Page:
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2012 CFO OF THE YEAR: William Anthony Buckles

Sam Stall
November 28, 2012
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Honoree, Private Companies (revenue $100 million or less)

Most chief financial officers report to a chief executive officer, but William A. Buckles’ chain of command is a bit more unorthodox. His employer, the Indiana Hand to Shoulder Center, treats hand and shoulder issues with a staff of 16 doctors, a central facility in Indianapolis and six satellite central Indiana offices that together treat approximately 25,000 patients annually. In 2008 the group changed its management structure, vacating the CEO position and making an elected physician managing partner.

These days Buckles works shoulder-to-shoulder with that partner, helping to oversee the practice—a change in responsibility that he’s executed seamlessly, and without increasing the size of his department staff. As lead member of the corporate operations group, which handles day-to-day corporate activity (a leadership position he assumed in the absence of a designated CEO), he is the IHTSC’s staff representative on the company’s executive committee and serves as the managing partner’s representative with all outside business contacts.

wbuckles-6-1col.jpg (IBJ photo/ Eric Learned)
 

Age: 52

Family: Wife Sharon; sons Alex, 26, and Ethan, 22

Hometown: Lafayette, Ind.

Education: bachelor's degree in accounting, Ball State University; CPA

Civic Involvement: Current chairman of the board for West Deanery Unified Catholic Schools

Hobbies: Golf, sports and family travel

 

It’s just the latest in a respectable list of achievements during Buckles’ 13 years with the group—years that, according to Indiana Hand to Shoulder Center staff, were marked by careful control of overhead that led to solid and sustained financial success. Upon his arrival in 1999, Buckles reorganized the company’s accounting practices and business office functions.

“Many medical practices have had short runs of success and then fallen upon hard times,” said group president Dr. William B. Kleinman. “The Indiana Hand to Shoulder Center has been fortunate to have Mr. Buckles help steer the group through the many challenges in health care economics.”

Buckles also worked with the Center’s owner-physicians to modify the company’s compensation arrangements and has re-structured and continues to maintain the company’s third-party reimbursement contracts for all physician services. In addition, he was instrumental in converting the Center’s 401(k) plan from a trustee-driven model to an employee self-directed plan in 2010, dropping the cost to participants by more than 75 basis points.

He also helped his employer and its patients navigate the economic downturn. Operating costs were controlled or decreased, and clients received help in coping with health care cost increases. For instance, surgery patients got estimates of their out-of-pocket expenses, then advice from the Center’s financial counselors on how to pay.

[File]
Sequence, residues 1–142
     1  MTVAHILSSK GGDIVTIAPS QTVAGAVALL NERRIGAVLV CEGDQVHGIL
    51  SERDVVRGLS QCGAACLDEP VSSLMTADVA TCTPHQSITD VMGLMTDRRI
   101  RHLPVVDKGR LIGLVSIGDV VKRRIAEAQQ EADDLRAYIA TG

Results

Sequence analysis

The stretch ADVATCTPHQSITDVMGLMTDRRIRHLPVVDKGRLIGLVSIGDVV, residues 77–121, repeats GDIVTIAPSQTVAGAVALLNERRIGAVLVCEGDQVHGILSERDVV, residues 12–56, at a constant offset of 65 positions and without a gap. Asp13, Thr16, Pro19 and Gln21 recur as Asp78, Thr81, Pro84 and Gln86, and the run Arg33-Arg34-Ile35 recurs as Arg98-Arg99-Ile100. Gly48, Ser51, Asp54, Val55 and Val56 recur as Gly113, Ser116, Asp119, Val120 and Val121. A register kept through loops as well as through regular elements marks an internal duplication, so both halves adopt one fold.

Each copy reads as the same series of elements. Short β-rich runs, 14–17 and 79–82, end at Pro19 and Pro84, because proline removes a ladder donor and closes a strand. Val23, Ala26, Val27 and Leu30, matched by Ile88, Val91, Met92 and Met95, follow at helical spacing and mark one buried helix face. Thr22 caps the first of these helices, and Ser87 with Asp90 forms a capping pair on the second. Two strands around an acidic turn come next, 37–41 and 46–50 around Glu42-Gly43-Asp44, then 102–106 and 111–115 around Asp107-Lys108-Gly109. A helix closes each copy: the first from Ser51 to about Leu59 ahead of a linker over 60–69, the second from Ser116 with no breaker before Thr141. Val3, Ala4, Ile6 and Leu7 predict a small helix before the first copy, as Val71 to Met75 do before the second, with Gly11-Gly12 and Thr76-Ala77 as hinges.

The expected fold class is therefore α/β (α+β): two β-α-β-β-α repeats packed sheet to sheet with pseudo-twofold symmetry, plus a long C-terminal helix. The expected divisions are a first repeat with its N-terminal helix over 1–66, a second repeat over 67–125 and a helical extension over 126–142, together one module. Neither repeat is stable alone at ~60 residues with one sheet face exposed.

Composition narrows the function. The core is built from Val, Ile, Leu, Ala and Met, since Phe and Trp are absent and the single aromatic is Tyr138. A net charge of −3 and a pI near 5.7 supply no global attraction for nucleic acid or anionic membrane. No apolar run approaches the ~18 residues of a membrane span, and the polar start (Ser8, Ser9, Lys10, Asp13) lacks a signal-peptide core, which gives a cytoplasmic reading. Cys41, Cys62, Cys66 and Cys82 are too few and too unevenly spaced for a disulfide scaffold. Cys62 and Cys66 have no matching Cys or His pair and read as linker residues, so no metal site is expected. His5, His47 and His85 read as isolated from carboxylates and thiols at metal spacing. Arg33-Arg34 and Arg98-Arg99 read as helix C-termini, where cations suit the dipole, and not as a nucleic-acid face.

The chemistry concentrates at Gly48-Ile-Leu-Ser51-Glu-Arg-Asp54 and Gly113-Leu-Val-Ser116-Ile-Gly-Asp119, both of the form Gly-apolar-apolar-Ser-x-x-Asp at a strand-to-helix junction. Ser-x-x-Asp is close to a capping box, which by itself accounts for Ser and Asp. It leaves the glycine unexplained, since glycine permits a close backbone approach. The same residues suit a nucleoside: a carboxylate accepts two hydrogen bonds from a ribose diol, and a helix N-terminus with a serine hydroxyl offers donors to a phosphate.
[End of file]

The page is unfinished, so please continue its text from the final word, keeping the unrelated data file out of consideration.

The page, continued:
Under Buckles’ leadership, during 2012 the Center decreased operating expenses compared to 2011, while increasing the number of patients treated. However the CFO also wrestled with far more intractable issues than simply jibing accounts payable with accounts receivable.

“The biggest challenge for all health care administrators in 2012 was to understand how the new regulations from the federal government will be implemented,” he said. “Many private physician practices were integrated into hospital systems ... Strategic planning to remain an independent physician practice has been a high priority for the Indiana Hand to Shoulder Center.”

He expects more of the same in 2013. “Changes in federal health care regulations will shape our industry,” he said.•

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Click here to return to the CFO of the Year landing page.

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  1. Those of you yelling to deport them all should at least understand that the law allows minors (if not from a bordering country) to argue for asylum. If you don't like the law, you can petition Congress to change it. But you can't blindly scream that they all need to be deported now, unless you want your government to just decide which laws to follow and which to ignore.

  2. 52,000 children in a country with a population of nearly 300 million is decimal dust or a nano-amount of people that can be easily absorbed. In addition, the flow of children from central American countries is decreasing. BL - the country can easily absorb these children while at the same time trying to discourage more children from coming. There is tension between economic concerns and the values of Judeo-Christian believers. But, I cannot see how the economic argument can stand up against the values of the believers, which most people in this country espouse (but perhaps don't practice). The Governor, who is an alleged religious man and a family man, seems to favor the economic argument; I do not see how his position is tenable under the circumstances. Yes, this is a complicated situation made worse by politics but....these are helpless children without parents and many want to simply "ship" them back to who knows where. Where are our Hoosier hearts? I thought the term Hoosier was synonymous with hospitable.

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